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Old 9th January 2010, 06:07   #1
jsne39m5
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Brake pedal hard as a Rock!

I got in the car and the brake pedal won't move, and the brakes won't work. I let the car warm up and shut it off and same thing happened. I left it all day and it got above freezing (40 degrees), came home started the car and the pedal was firm then got softer and seemed sluggishly normal, I moved the car and it felt better, so I moved some more and drove. The brakes worked fine and then the problem came back after a little pumping. I had water get in the booster/master cylinder area after I had the fluid flushed. I tracked the car in Nov with fresh fluid with no problems. I got the water in before that. I drove the car last Sat night and everything was fine, didn't drive until Tuesday with three days below freezing, and now have this problem.
#1 Could moisture be in the booster and caused it to freeze?
My first thought is to get the system flushed Monday and go from there, any suggestions?
#2 Could moisture in the brake lines freeze and not allow fluid to move producing a hard pedal?
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Old 9th January 2010, 06:44   #2
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I think with extensive water in the lines it could easily freeze and resist movement.
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Old 9th January 2010, 06:49   #3
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Also, The brake fluid does not appear to be contaminated or milky, but I hope it is just moisture and the flush will fix it.
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Old 9th January 2010, 06:55   #4
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I'm not sure if the M5 is the same as my wifes E39 530i (I'm just a prospective M5 owner), but in her E39 the brake booster is beneath the cabin fresh air intake box on the driver's side of the engine compartment. Remove that box and you will see the booster encased in a box of its own. This box can fill up with water when it rains if the 0.0000000000291 millimeter drain hole at the bottom (conveniently difficult to get to as it is under the booster) gets clogged up with debris. In my case that debris was decayed leaves, and one rainy night the brake pedal got hard and when pushed I got a squishy sound. Somehow the water had gotten into the booster itself (not sure how really). It ultimately stalled the engine and wouldn't start as it sucked water through the brake booster vacuum line. I had it towed home and was lucky enough to be able to remove the spark plugs, blow out the cylinders with some compressed air and all was good (I used the compressed air to blow out the drain hole too. If you got water in there and temps were below freezing it could have frozen...and then later thawed, etc.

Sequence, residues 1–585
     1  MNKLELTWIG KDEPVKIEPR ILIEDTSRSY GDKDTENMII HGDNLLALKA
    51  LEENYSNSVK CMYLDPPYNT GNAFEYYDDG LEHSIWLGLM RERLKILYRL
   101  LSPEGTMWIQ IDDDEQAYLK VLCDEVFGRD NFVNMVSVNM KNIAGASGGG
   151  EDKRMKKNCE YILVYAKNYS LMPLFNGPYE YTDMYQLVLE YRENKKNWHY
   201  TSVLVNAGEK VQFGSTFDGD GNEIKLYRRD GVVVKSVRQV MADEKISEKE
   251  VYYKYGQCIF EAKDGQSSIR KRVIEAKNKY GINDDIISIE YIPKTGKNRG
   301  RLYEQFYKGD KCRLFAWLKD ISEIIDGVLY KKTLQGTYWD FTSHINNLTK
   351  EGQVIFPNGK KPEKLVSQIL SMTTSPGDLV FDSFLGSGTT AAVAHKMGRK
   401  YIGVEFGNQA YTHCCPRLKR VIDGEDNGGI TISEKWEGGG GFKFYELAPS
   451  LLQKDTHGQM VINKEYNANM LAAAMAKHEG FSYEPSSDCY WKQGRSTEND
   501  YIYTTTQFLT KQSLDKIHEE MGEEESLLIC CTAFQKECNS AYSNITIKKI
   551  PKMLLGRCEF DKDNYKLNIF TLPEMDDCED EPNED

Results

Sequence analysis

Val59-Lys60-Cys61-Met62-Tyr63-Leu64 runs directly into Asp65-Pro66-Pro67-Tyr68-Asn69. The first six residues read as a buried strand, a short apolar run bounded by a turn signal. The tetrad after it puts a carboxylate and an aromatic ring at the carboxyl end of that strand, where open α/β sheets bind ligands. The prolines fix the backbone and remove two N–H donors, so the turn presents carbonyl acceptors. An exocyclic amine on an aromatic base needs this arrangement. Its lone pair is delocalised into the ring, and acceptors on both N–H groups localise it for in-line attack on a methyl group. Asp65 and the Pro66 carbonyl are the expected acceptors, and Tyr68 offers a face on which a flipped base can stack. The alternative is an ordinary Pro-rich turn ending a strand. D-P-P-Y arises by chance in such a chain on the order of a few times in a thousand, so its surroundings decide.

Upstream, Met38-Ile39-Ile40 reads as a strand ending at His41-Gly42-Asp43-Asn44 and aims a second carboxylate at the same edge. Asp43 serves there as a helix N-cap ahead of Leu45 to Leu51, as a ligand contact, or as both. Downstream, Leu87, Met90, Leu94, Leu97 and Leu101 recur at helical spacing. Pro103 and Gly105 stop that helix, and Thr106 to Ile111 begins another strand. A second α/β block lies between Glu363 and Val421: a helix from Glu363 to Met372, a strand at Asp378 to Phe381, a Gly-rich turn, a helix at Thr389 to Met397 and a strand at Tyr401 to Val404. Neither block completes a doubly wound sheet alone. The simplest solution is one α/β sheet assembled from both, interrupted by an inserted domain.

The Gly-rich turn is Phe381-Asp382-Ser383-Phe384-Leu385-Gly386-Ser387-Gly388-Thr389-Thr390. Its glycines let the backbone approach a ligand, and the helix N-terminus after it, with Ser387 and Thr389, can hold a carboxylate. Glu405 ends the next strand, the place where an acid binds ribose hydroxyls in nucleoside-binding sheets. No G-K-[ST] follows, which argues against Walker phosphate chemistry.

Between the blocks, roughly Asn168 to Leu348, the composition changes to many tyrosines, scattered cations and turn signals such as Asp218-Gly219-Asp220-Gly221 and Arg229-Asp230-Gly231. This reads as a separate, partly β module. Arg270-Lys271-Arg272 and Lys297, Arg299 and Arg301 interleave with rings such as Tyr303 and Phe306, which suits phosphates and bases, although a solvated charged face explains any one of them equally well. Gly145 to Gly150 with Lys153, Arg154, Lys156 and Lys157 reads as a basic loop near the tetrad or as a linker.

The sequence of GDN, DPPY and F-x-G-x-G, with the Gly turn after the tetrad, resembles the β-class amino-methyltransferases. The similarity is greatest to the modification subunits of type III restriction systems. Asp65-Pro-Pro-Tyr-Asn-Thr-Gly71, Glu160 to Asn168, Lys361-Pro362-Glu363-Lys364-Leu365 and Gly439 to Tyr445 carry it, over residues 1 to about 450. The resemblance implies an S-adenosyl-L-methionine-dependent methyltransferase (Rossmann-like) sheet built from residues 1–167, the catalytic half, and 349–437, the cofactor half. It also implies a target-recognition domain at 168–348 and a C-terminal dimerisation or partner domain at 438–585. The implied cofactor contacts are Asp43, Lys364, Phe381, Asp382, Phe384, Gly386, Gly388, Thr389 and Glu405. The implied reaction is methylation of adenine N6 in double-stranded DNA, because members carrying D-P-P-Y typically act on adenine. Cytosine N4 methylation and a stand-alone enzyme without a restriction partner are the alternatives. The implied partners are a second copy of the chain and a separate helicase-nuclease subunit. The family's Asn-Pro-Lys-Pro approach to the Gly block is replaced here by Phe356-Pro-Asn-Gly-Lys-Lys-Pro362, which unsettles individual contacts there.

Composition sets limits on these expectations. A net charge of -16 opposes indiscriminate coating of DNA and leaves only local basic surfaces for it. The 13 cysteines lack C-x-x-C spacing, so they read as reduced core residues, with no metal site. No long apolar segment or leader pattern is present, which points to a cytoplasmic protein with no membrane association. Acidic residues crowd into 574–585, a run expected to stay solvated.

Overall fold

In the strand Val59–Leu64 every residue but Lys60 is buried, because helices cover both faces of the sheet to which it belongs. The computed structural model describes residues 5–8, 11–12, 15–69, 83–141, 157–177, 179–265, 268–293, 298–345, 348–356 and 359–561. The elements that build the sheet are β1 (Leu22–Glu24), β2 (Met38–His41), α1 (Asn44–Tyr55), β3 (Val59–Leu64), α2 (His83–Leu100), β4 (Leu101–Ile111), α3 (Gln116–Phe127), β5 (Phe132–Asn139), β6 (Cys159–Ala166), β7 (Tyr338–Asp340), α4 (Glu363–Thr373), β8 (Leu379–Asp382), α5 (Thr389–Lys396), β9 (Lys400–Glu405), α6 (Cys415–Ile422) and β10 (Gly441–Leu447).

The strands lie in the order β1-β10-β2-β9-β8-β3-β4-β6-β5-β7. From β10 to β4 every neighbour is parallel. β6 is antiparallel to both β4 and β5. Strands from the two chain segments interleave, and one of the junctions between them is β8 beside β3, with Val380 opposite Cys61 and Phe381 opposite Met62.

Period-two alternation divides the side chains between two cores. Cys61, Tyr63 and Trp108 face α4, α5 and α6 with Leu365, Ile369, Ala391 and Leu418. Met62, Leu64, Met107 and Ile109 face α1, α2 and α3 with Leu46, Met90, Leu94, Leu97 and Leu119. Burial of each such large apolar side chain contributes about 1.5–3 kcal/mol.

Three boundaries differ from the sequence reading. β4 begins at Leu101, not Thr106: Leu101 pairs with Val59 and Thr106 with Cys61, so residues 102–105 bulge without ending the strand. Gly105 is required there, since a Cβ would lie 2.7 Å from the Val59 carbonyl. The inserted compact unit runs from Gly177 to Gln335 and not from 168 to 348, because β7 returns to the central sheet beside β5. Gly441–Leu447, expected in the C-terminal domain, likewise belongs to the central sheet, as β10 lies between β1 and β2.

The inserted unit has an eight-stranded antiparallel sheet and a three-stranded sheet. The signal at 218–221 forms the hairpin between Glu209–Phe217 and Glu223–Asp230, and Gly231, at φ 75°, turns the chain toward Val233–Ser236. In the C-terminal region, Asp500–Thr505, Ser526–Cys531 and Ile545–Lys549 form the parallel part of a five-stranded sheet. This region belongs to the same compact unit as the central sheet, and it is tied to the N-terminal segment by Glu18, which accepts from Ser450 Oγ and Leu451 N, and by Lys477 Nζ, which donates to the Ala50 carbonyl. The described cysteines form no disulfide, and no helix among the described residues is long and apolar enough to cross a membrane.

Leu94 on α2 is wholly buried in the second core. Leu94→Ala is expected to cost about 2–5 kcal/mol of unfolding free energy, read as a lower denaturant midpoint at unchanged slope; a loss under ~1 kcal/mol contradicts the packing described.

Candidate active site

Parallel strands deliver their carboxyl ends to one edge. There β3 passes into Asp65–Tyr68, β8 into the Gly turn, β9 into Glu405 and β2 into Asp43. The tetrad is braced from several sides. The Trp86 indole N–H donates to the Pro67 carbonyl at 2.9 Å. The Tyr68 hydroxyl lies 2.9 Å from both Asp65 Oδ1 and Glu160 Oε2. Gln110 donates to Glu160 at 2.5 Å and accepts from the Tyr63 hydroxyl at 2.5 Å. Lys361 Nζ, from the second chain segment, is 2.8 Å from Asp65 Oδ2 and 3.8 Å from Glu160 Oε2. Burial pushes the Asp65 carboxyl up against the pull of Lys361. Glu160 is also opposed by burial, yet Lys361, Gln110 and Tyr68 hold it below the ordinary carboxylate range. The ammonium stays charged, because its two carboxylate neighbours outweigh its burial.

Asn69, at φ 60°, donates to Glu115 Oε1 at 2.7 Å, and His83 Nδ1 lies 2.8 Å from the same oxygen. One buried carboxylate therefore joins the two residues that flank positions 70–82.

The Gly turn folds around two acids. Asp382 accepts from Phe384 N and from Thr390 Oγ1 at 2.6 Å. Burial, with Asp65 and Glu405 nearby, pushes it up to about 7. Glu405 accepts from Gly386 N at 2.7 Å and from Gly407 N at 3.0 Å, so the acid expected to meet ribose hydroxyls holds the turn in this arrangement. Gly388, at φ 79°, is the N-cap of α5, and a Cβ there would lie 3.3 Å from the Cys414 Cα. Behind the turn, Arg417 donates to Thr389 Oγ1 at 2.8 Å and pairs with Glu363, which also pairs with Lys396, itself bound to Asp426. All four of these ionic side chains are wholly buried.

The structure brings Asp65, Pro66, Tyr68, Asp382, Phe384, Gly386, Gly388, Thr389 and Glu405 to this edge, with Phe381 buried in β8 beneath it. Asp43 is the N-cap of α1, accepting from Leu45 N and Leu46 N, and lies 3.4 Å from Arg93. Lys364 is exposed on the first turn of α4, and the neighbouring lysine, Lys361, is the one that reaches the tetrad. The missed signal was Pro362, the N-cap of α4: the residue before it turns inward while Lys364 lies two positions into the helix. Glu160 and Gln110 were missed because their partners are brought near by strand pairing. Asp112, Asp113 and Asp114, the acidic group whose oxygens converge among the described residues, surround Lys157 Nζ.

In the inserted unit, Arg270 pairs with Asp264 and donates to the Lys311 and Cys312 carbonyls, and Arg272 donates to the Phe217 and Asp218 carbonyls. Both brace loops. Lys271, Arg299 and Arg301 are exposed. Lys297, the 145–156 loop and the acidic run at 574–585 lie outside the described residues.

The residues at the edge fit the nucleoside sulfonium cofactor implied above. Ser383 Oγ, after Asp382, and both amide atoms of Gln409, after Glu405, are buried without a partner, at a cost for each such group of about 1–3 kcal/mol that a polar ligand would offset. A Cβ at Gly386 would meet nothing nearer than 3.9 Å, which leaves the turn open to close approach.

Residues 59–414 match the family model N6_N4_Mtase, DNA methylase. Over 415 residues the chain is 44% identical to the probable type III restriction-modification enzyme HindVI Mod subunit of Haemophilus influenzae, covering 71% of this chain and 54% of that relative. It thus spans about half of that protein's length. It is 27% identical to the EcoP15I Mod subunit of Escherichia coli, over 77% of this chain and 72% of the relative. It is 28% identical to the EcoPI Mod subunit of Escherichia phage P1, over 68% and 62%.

Just my .02...
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Old 9th January 2010, 07:14   #5
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This happened to me also, but before I had the system flushed back in November. I am thinking there is residual moisture somewhere in the system and the cold temps have effected it.
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Old 9th January 2010, 13:49   #6
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My bet is on water in the booster too. Had this happen on an old style VW Passat, blocked drains. Booster had about 0.25L water in it, which would freeze at below zero temps, causing a rock hard pedal. Only thing to do about it is to replace the booster as the water attacks the metal housing, plate and spring inside) and include cleaning that drain plug mentioned above in your regular maintenance. I believe it's mentioned in the TIS too.
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Old 9th January 2010, 18:15   #7
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I agree with water in the servo (booster). I had this and the brake pedal was rock hard, it also pulled itself on when braking so just touching the brakes caused an emergency stop!
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Old 9th January 2010, 18:19   #8
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It's water in the booster... Below freezing it turns to ice and makes the pedal rock solid.... I've seen it a number of times... Good luck
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Old 10th January 2010, 19:52   #9
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Thanks guys, I am getting it to my indy tommorrow. I am going to see what they say since that cavity filled with water after they worked in that area. The water was dripping straight into it and not going out of the drain. We had a but load of rain last month here in AL (ROLL TIDE), and I got water in the back seat floor. This is how I found the source of the water leak. I would say at least 8 inches of water in that area around the booster. Great design to allow water in so easily with a drain hole the size of a pin! At least the rest of the car is well engineered and produces many grins!
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Old 5th February 2010, 00:40   #10
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Once the drain is unplugged, how do you get the water out of the brake booster? or is that just it, done?

Thanks,
Andrew
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